From the rude encounters he had thus sometimes to meet in the discharge of his mission-work, Mr. Clarke found a grateful relief in Guernsey in the privilege of residing with the family of Mr. De Jersey, at Mon Plaisir, an old manor farm-house, about a mile from St. Peter’s. Every attribute of this favored spot, the Hesperide climate, [Hesperides, nymphs in Greek mythology who guarded a tree of golden apples] the scenery, the commodious and tranquil mansion and gardens, where the myrtle and laurels rise to the proportions of stately trees, and the orange ripens in the open air, all combined to render it a most desirable asylum for the student bent on learning, or the laborer sighing for repose. The writer of these pages can never forget the pleasure with which, during a ministerial residence in Guernsey, he has often visited this spot; where, under the leafy shade of a bower formed of the entwined boughs of a cluster of figtrees, the family used to tell him how, in that very summer-house, Dr. Adam Clarke had spent so many hours in reading his Bible and writing his sermons. The family of Mon Plaisir, of whom the Rev. Henry De Jersey, now of the French Conference, is one of the worthy representatives, embraced the cause of Methodism with their whole heart. One of the first of the many good offices which the elder Mr. De Jersey performed, for the service of the good cause among them, was to build a room on the north side of the house that should serve for a domestic chapel, to which he could invite the inhabitants round about. Mr. Clarke, as the chaplain of the place, held stated services in this room on Thursday and Saturday evenings; offering the first prayer in English, and preaching the sermon in French, with a prayer in the same language.
In these sequestered shades our friend applied himself with new vigor to those more solemn studies which were destined to give character to his after-life. He had long felt that the vow, so foolishly made four years before, to have nothing more to do with Greek and Latin, was wrong in itself, as well as unadvised, and that he could conscientiously renounce it.
In resuming those languages, he found that long cessation from classical reading rendered it necessary for him to begin again in that department with the grammars themselves. But, having by dint of effort recovered his lost ground, he brought his new acquisitions to bear upon the study of the Septuagint Bible and Greek Testament, for the purposes, and in the manner, to which we shall have occasion to refer more fully hereafter. It was now, also, that with a moderate knowledge of Hebrew he struck out into the study of Chaldee and Syriac, by the help of Bishop Walton’s “Introduction to the Oriental Languages,” the Scholia Syriaca of Leusden, and some other works to which he had access in the public library at Jersey. Before he left the islands, he obtained possession of a copy of Walton’s Polyglot Bible of his own. True to those instincts which Providence and Grace had implanted in his heart, he began even now to turn this biblical knowledge to account, by committing to paper memoranda for notes on the Gospels, which formed the first nucleus of his future Commentary.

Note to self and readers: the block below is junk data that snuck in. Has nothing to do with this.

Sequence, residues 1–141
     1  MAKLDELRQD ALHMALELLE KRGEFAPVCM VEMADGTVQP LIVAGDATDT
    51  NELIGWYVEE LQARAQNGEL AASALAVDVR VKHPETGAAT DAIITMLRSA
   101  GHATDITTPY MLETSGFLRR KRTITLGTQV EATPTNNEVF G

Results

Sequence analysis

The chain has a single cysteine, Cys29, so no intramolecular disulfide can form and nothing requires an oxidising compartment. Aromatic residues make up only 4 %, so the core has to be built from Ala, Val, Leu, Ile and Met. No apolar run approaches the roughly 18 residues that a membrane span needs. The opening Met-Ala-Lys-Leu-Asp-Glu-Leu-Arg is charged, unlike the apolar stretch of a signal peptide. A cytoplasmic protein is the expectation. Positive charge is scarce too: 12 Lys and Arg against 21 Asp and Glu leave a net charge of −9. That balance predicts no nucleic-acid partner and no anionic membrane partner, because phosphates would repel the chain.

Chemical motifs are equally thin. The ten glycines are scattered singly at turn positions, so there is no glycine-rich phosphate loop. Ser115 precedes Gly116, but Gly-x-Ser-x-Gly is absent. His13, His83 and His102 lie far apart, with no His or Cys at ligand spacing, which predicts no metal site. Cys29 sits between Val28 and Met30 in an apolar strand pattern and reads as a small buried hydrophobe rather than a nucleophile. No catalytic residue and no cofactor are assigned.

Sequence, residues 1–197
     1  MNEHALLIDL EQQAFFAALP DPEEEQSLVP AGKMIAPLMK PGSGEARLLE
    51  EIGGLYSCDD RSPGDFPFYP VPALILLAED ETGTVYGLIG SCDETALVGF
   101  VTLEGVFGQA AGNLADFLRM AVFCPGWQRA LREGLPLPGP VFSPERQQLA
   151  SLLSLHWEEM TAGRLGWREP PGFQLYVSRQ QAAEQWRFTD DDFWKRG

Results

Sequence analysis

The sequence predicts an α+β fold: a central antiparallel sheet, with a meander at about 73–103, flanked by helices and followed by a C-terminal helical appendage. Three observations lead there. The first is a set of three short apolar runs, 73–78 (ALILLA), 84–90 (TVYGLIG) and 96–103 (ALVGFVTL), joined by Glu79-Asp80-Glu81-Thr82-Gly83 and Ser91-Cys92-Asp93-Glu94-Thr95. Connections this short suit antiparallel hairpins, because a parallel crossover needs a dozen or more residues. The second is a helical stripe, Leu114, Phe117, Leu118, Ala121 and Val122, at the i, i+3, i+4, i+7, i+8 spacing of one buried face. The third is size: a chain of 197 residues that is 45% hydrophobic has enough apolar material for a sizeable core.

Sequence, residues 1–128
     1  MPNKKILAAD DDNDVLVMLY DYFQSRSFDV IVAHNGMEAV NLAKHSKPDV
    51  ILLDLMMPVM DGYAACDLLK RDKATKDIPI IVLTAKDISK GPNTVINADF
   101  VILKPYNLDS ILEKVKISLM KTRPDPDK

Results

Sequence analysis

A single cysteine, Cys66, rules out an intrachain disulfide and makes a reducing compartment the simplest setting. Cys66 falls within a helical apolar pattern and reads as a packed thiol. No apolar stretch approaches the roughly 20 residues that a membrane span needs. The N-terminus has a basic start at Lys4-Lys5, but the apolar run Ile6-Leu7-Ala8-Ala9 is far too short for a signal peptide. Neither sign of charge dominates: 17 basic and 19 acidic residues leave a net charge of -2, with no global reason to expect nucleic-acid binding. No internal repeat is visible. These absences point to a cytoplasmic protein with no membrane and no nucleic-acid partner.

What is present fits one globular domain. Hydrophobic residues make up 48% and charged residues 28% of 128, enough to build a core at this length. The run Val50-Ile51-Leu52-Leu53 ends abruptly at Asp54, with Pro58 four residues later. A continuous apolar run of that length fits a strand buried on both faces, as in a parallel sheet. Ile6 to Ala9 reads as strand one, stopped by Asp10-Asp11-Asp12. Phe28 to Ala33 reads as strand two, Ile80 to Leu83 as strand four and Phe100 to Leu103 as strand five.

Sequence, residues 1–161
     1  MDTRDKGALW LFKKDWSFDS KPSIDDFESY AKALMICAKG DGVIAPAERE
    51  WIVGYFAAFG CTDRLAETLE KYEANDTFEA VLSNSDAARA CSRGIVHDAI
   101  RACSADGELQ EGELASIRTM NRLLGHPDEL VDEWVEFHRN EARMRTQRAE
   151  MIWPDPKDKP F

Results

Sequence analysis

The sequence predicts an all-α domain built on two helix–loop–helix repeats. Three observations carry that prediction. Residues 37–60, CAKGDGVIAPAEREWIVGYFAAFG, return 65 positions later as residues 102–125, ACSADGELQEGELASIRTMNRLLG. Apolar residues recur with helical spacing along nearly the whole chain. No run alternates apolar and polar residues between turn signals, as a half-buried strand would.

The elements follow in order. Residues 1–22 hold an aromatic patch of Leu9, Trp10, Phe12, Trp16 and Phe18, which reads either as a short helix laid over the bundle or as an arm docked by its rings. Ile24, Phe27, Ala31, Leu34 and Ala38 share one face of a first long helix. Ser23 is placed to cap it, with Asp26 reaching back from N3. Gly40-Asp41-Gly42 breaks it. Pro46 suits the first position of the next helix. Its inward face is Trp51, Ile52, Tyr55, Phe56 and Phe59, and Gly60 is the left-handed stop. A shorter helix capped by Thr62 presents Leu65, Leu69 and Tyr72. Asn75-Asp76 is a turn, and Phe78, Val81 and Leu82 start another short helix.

Meantime the great objects of his mission were carried on with energy. In the course of the year he was moved to attempt the introduction of preaching into the island of Alderney. In recounting to Mr. Wesley the manner in which this was carried into effect, he says: “My design being made public, many hindrances were thrown in my way. It was reported that the governor had threatened to prohibit my landing; and that, in case he found me on the island, he would transport me to the Caskets (a rock in the sea, about three leagues W. of Alderney, on which there is a lighthouse). These threatenings, being published here, rendered it very difficult for me to procure a passage, as several of my friends were against my going, fearing bad consequences; and none of the captains who traded to the island were willing to take me, fearing to incur the displeasure of the governor; notwithstanding that I offered them anything they could reasonably demand for my passage. I thought at last I should be obliged to hire one of t he English packets, as I was determined to go, by God’s grace, at all events. “Having waited a long time, watching sometimes day and night, I at last got a vessel bound for the island, in which I embarked; and after a few hours, though not without some fatigue and sickness, we came to the S. W. side of the island, where we were obliged to cast anchor, as the tide was too far spent to carry us round to the harbor. The captain put me and some others to shore with the boat.